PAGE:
New Jersey judges continue to be reliably unreliable when it comes to interpreting simple, frequently-used, state election laws.
A Superior Court judge in Union County this week refused to order the immediate installation of Paul Coates as a Linden city councilman.
The Linden Democratic organization submitted the names of Coates and two others to the city council as replacements for Michele Yamakaitis, who left her 8th ward seat on January 1 to become the new council president.
But mayor Derek Armstead, who doesn’t get along with the county committee, refused to accept any of the choices. He said he wants the seat to remain vacant until a November special election.
Most longtime political observers know exactly what happens in that situation: the vacancy goes back to the county committee, who picks one of the three in what is effectively a special election.
The Linden Democrats picked Coates, but Armstead refuses to seat him.
That put the matter in court in what should be a slam-dunk. After all, this happens ten or twenty times every year across the state.
Judge Katherine Regan Dupuis denied the request of Linden Democrat to order the city to seat Coates. Instead, she set a hearing date in March – leaving the people of the 8th ward without representation on the city council.
Dupuis is no neophyte when it comes to this particular type of election law.
Back in 1985, Kit Dupuis was the Democratic candidate for Westfield Town Council against a Republican incumbent who had been appointed to fill a vacancy using the same law Coates is citing.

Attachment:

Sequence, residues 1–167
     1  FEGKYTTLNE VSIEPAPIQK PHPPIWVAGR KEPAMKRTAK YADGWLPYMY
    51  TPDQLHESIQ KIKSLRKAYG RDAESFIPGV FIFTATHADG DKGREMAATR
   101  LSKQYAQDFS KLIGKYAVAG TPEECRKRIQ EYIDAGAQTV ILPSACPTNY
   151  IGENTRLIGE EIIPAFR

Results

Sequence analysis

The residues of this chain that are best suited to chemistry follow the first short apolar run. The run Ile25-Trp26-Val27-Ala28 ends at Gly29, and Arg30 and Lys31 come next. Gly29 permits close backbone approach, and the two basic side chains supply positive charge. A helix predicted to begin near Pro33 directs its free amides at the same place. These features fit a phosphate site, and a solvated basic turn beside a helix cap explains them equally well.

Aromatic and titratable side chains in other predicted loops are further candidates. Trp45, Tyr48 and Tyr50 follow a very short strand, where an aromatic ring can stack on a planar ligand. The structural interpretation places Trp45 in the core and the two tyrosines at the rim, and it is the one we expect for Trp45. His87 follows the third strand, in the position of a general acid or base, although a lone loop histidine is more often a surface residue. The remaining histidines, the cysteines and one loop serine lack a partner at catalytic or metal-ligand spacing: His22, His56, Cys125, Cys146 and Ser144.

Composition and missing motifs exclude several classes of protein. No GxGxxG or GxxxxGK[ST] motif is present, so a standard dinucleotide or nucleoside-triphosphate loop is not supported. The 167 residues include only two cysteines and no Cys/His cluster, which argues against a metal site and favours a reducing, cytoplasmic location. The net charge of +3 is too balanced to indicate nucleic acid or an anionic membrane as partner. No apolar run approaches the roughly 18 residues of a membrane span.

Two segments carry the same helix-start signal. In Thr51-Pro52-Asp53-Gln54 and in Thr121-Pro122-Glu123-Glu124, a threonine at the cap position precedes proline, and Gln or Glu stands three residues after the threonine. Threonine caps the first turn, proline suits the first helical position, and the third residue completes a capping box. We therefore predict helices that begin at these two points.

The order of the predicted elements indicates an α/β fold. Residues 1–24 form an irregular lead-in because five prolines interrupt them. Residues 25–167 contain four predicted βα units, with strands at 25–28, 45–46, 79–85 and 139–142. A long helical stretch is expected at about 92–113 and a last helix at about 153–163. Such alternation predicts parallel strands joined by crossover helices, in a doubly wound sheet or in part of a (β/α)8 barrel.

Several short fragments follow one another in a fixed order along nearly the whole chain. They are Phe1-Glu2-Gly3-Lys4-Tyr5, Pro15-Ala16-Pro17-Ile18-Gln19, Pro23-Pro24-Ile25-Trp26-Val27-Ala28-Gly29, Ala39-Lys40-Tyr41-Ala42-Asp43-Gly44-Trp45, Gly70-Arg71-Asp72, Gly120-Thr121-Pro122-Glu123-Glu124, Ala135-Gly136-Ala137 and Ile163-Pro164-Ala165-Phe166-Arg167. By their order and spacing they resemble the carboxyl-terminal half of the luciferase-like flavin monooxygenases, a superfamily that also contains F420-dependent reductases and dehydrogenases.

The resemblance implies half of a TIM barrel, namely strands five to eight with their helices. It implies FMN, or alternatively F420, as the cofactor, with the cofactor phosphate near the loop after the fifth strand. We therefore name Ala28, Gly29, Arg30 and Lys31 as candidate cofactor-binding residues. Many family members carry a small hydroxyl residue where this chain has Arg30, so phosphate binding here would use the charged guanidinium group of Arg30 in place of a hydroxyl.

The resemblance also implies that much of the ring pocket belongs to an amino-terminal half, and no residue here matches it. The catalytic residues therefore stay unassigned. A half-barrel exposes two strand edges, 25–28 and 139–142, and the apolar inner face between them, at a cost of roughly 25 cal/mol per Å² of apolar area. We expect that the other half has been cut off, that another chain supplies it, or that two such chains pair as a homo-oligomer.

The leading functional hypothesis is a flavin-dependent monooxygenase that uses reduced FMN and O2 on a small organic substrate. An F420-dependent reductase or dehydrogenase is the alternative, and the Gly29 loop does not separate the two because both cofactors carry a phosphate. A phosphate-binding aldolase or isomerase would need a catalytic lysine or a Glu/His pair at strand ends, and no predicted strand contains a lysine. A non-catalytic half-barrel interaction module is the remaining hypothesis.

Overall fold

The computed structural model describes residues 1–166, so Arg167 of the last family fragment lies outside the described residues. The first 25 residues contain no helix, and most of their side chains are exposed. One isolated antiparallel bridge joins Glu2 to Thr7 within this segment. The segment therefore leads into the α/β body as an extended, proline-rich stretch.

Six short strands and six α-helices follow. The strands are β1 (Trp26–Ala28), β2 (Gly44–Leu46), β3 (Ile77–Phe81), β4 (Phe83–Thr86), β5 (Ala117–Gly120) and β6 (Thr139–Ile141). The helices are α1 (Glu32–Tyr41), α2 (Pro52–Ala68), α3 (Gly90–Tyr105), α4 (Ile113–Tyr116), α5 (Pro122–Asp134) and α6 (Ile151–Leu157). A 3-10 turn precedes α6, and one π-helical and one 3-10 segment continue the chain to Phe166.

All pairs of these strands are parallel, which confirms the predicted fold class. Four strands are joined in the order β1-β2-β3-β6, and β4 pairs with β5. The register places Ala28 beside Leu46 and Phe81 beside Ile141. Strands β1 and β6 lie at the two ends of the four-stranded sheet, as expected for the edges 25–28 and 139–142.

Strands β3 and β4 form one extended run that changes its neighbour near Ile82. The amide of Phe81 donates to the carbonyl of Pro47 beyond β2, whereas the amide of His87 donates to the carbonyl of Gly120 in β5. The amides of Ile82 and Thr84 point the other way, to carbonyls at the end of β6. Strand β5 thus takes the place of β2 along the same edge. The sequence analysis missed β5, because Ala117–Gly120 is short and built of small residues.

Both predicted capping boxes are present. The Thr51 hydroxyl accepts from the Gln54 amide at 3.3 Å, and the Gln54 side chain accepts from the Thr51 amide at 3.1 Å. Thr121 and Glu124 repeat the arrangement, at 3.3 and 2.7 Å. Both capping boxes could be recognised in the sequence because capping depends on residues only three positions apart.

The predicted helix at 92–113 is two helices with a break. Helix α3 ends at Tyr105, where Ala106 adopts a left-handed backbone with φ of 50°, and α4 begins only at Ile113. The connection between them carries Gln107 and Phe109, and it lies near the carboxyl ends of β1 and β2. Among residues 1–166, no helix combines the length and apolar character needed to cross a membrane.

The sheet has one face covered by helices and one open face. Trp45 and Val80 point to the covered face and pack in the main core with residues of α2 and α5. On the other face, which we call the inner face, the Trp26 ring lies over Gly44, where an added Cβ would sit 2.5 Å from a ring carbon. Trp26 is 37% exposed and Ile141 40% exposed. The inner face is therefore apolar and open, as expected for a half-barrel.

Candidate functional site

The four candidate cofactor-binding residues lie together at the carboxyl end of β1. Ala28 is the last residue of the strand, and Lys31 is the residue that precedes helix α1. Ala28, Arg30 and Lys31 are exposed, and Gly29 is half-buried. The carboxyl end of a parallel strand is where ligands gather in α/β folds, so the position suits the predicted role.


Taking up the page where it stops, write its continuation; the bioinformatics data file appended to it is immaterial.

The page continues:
When councilman Harry Brown resigned to move to Virginia, the Westfield Republican county committee submitted three names – Jubb Corbet, Kenneth MacRitchie and Elizabeth Gorski – to the council. The council voted 6-1 to pick Corbet; Richard Bagger, then a 24-year-old councilman, voted for Corbet.
That gave Corbet the benefit of incumbency when he faced Dupuis in a contest for the first ward council seat a few months later.
Corbet won the endorsement of a local newspaper, who said he had more experience.
“Dupuis, a lawyer, doesn’t have that background,” the editorial said.
Dupuis got smoked.
Corbet beat her by a 2-1 margin, 66%-34%.
She ran about 100 votes behind the Democratic candidate for Union County freeholder, Charlotte DeFilippo.
Dupuis went on to become the Westfield Democratic municipal chair.
After John Stamler passed away in 1990, Dupuis was one of the finalists Gov. Jim Florio considered for Union County prosecutor.
She didn’t get the job, but Florio nominated her to serve as a judge in 1992.
Dupuis’ opportunity to legislate a law that didn’t work to her advantage nearly 34 years ago might be out of her hands completely.
On Friday, the state appellate court granted emergent relief to the Linden Democrats. Briefs are due on Tuesday.